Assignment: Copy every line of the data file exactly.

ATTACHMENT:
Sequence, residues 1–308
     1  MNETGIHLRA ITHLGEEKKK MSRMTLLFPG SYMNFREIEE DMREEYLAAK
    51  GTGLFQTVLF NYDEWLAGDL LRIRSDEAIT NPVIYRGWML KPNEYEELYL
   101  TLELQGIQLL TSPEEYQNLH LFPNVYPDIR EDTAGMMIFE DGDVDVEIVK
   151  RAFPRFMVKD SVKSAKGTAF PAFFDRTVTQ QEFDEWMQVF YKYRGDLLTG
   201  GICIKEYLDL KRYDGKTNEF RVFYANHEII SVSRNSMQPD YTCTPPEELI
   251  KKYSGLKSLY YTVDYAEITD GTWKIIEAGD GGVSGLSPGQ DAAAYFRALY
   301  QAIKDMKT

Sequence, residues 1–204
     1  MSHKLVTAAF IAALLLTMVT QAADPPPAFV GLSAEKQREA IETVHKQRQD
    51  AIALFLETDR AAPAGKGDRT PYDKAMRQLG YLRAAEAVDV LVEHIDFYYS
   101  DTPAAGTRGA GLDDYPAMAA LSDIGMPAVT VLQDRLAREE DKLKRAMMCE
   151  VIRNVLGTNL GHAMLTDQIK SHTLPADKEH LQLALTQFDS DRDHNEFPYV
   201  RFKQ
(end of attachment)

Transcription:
Sequence, residues 1–308
     1  MNETGIHLRA ITHLGEEKKK MSRMTLLFPG SYMNFREIEE DMREEYLAAK
    51  GTGLFQTVLF NYDEWLAGDL LRIRSDEAIT NPVIYRGWML KPNEYEELYL
   101  TLELQGIQLL TSPEEYQNLH LFPNVYPDIR EDTAGMMIFE DGDVDVEIVK
   151  RAFPRFMVKD SVKSAKGTAF PAFFDRTVTQ QEFDEWMQVF YKYRGDLLTG
   201  GICIKEYLDL KRYDGKTNEF RVFYANHEII SVSRNSMQPD YTCTPPEELI
   251  KKYSGLKSLY YTVDYAEITD GTWKIIEAGD GGVSGLSPGQ DAAAYFRALY
   301  QAIKDMKT

Sequence, residues 1–204
     1  MSHKLVTAAF IAALLLTMVT QAADPPPAFV GLSAEKQREA IETVHKQRQD
    51  AIALFLETDR AAPAGKGDRT PYDKAMRQLG YLRAAEAVDV LVEHIDFYYS
   101  DTPAAGTRGA GLDDYPAMAA LSDIGMPAVT VLQDRLAREE DKLKRAMMCE
   151  VIRNVLGTNL GHAMLTDQIK SHTLPADKEH LQLALTQFDS DRDHNEFPYV
   201  RFKQ